The beginnings of agricultural education in Midwestern rural schools, 1895-1915

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2010-01-01
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Shoemaker, Audrey
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Pamela Riney-kehrberg
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History
The Department of History seeks to provide students with a knowledge of historical themes and events, an understanding of past cultures and social organizations, and also knowledge of how the past pertains to the present.

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The Department of History was formed in 1969 from the division of the Department of History, Government, and Philosophy.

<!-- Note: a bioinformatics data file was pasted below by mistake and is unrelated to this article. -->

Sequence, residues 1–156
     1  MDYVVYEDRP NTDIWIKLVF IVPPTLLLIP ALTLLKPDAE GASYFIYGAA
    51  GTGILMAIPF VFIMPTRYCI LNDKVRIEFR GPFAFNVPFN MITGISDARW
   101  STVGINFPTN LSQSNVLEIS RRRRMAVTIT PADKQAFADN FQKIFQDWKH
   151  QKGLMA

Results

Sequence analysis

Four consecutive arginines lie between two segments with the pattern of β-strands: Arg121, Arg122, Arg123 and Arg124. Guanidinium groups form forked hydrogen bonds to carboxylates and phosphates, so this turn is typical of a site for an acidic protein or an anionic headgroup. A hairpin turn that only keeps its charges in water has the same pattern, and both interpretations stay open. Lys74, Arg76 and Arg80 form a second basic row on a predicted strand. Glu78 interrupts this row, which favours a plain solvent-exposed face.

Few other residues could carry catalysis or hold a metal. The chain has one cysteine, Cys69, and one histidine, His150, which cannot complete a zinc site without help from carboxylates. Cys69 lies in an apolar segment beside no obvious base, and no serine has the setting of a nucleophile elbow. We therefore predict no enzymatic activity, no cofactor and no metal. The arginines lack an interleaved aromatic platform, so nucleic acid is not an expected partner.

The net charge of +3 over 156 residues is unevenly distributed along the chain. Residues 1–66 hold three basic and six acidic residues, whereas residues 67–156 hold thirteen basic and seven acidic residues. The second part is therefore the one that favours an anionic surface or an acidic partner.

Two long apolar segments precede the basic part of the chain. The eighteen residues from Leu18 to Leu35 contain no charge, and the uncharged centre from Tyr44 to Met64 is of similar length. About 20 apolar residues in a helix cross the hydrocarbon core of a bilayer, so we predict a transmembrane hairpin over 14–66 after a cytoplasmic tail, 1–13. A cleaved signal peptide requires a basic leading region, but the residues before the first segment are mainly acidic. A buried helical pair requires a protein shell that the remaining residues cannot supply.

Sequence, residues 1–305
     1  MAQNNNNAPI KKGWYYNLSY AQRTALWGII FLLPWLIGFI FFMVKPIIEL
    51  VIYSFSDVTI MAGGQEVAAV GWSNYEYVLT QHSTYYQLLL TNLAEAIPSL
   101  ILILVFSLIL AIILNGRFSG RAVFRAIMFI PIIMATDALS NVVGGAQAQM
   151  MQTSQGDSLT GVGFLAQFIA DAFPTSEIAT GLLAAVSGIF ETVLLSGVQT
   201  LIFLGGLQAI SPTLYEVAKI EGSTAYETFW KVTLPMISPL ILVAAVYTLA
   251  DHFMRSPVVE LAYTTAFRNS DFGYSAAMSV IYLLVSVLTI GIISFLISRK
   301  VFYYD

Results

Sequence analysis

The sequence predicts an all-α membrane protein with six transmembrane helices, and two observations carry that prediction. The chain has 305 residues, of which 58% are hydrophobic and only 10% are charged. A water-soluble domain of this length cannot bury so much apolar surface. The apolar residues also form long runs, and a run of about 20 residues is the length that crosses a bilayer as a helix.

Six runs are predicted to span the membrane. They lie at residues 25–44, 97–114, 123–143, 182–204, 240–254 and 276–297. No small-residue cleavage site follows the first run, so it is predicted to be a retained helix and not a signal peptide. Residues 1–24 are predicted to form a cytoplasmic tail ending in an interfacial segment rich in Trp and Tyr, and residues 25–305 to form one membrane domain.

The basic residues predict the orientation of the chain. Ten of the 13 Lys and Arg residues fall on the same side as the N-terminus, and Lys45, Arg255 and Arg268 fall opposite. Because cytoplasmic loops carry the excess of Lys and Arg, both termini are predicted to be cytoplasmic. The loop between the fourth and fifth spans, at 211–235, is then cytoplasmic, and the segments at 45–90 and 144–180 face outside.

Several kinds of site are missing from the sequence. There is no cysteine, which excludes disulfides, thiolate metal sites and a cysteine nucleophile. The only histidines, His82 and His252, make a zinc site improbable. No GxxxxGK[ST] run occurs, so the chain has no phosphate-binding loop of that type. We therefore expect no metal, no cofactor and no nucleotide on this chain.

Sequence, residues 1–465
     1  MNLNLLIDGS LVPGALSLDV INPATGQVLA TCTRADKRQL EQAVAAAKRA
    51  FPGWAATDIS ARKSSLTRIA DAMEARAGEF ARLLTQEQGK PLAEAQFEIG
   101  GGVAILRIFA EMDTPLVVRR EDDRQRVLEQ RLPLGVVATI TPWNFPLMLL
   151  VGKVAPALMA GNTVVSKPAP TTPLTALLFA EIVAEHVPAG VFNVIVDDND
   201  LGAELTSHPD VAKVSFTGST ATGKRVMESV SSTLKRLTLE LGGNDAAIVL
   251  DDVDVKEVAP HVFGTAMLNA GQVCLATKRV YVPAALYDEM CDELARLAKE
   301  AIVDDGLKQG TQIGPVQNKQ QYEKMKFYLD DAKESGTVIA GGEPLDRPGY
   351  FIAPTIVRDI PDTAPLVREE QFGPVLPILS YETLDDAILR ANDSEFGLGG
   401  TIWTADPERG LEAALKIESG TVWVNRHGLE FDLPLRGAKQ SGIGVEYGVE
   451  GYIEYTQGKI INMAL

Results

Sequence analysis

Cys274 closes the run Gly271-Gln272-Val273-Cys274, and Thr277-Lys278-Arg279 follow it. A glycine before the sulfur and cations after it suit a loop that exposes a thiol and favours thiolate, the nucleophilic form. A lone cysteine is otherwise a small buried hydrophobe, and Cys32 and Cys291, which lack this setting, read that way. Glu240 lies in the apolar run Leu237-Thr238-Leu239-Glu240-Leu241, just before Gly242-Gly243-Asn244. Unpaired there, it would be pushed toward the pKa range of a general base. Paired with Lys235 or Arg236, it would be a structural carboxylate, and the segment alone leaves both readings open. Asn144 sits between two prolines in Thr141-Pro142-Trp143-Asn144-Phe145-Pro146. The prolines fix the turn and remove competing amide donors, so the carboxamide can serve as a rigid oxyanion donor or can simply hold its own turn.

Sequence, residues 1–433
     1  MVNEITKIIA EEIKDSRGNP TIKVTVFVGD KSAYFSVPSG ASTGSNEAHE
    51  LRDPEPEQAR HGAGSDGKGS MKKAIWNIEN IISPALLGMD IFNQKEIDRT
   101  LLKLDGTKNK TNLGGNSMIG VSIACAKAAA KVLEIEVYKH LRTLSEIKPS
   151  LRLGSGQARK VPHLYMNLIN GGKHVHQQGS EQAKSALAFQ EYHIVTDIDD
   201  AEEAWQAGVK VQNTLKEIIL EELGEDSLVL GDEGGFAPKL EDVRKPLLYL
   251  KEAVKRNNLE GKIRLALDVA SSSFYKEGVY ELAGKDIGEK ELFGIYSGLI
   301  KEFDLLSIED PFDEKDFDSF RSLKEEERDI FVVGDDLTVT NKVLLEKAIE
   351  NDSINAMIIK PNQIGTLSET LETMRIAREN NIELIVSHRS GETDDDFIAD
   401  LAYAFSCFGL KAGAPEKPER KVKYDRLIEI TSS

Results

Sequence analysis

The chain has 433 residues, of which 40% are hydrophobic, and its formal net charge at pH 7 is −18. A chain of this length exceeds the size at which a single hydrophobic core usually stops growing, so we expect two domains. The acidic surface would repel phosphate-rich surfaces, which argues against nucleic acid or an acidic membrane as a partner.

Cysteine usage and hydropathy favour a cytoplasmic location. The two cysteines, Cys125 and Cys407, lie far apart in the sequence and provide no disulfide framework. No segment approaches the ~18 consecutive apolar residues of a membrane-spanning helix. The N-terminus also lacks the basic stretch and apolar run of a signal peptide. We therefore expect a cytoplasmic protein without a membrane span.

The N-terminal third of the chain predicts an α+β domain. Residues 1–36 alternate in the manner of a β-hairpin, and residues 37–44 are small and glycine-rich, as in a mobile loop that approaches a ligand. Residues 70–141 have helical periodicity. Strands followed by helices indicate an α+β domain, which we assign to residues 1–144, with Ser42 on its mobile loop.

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This thesis documents the beginnings of rural agricultural education as part of the Progressive Era of United States history. As urban growth spurred politicians, educators, and activists to ponder the possibility of a nation-wide, or even global, food crisis, reformers turned to the rural school system to educate a more knowledgeable and modern farming class. Rural resistance to this movement was widespread, as many rural residents saw in it a plan to force them and their children into becoming a permanent farming class. However, there were multiple communities across the Midwest in which early, formal agricultural education took root. In these communities, reformers involved the local community in the design and implementation of agricultural education that was specific to each community's needs. The movement to reform the American Midwestern countryside through its schools offers insight both into the Progressive movement, and into the inner workings of turn-of-the-century rural America.

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Fri Jan 01 00:00:00 UTC 2010